It appears my 401k plan has caught the Coronavirus. What am I supposed to do? Nobody has asked me this exact question, but I have had variations of it posed over the past two weeks. Here are a couple of ideas that might be helpful.
I always ask people in my 401k participant meetings, what is a 401k plan for? They look at me like I'm stupid, but eventually we figure out that a 401k retirement plan is for retirement. If you're not retiring soon, this drop in the market is actually good. I know it sucks to look at your statement and see that the value is lower than before, but one number in your statement is always going up. That is, the number of shares of the mutual fund or ETF that you own. When you are contributing each pay period to your plan, you are buying shares of a mutual fund, for instance. If the price of that fund has gone down by say 20%, then you are buying 20% more shares of the fund than you were before. This is good. People like buying things that are on sale.
The other thing people think they can do is time the market. It sounds pretty easy. When your account starts to go down, just move out of the market and park the portfolio in cash, then when the market starts to go back up, you move back in. Voila! Easy Cheesy! Luckily in some ways, we can run hypothetical examples of what happened in 2008 and 2009. The Financial Crisis had a drop in the stock market that was around the 50% range. I have been working on various scenarios that illustrate staying with your original asset allocation and continuing to make contributions to your 401k versus waiting on the sidelines then getting back into the market after the market started to rise. With the benefit of hindsight I assumed my hypothetical person moved out of the market after their account had gone down 20% sometime in 2008. They moved to cash, continued contributing to their 401k then moved back to their original allocation in September of 2009. Remember, the S&P 500 hit its low on 3/9/2009. Nobody knew that day was the low, so I gave my example a little bit of time to see that the market was indeed going up.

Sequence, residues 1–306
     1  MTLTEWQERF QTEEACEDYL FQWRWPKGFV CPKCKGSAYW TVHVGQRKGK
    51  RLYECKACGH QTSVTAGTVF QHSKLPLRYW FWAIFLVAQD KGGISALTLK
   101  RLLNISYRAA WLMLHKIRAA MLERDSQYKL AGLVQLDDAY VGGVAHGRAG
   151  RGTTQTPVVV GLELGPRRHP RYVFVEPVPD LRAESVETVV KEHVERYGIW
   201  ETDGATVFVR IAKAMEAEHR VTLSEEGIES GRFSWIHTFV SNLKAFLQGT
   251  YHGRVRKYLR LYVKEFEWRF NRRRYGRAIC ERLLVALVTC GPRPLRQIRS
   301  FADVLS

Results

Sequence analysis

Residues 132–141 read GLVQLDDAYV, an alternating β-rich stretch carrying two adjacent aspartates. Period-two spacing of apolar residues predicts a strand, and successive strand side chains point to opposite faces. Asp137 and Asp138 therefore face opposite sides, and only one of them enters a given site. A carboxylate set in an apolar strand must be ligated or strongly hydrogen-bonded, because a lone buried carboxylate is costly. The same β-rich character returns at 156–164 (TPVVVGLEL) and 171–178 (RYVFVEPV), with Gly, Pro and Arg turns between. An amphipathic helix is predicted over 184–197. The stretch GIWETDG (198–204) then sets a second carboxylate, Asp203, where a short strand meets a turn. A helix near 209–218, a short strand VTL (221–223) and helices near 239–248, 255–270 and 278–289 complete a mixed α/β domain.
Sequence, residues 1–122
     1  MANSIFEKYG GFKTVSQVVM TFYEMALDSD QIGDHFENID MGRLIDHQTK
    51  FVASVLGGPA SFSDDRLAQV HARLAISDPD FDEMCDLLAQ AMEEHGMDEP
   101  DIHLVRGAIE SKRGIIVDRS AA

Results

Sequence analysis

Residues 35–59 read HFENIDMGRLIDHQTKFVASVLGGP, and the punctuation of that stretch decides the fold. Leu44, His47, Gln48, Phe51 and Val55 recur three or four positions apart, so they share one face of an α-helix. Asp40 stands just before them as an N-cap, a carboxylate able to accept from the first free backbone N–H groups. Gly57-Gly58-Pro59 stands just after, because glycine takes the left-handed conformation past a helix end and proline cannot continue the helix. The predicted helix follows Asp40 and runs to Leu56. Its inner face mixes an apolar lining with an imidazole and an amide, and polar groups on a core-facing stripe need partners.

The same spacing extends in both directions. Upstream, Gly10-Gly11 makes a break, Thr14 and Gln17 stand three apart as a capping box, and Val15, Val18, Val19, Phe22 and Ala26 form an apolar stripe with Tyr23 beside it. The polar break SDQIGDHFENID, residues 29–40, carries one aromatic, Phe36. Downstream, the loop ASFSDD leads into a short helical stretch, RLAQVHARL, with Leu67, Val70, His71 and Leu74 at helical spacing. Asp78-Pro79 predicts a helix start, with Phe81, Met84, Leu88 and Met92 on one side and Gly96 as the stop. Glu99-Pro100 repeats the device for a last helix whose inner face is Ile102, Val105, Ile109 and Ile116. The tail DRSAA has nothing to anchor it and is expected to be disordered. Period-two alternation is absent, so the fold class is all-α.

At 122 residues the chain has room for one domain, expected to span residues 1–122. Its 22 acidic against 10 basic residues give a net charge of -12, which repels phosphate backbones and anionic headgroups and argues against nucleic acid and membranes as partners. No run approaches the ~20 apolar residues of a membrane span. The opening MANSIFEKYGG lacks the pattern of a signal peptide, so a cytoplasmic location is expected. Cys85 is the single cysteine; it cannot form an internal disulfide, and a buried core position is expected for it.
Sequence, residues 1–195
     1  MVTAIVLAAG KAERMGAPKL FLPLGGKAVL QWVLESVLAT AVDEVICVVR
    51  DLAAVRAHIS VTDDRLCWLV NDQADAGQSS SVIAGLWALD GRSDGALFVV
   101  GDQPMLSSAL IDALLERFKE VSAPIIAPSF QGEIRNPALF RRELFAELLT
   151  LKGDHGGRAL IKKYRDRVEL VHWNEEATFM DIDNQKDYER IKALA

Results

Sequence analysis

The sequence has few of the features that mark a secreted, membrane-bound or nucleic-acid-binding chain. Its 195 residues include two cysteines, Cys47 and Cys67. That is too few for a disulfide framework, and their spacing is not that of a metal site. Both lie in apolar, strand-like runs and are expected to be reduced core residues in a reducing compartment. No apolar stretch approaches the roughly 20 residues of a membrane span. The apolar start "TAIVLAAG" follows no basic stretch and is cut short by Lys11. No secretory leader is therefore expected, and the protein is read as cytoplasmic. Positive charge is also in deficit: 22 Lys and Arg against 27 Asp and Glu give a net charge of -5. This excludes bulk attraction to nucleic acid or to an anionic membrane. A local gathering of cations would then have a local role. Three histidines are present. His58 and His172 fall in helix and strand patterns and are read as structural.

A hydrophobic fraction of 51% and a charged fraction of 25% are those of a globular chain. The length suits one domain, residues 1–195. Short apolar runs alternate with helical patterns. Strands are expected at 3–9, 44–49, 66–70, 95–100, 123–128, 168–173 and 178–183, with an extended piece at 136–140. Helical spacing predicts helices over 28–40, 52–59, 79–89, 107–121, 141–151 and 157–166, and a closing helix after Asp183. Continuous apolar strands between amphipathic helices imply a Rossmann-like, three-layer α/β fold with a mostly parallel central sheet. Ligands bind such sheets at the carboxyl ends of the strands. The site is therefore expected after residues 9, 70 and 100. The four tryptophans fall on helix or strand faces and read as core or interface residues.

The thing I noticed from these hypothetical examples was, the person who moved out and moved back in had a higher value in their portfolio than the person who maintained their original asset allocation and continued to invest. BUT... the differences weren't that big. PLUS... I was looking back in history and cherry picking the time to get out as well as the time to get back in. In reality, I have found it much easier to get out than to pick the time to get back in. It's really hard to pull the trigger and get back in at the right time. The TV is screaming at you. Social media is blowing up with conspiracy theories and every story says, this time is different!
Nobody knows what's going to happen with this virus and its affect on our world. The word unprecedented is overused in my opinion, but the only thing that is close to what's happening now is the 1918 flu pandemic. I have been listening to various money managers and economists and they all think this is going to be hard and affect the economy in a big way. However, they also think we will get past this and things will eventually get back to normal.
If you have questions or just want to talk, feel free to reach out to me. I'll do my best to help you. My email is firstname.lastname@example.org. My office phone is 505 369-1224. Stay healthy. Bend the curve. This too shall pass. KB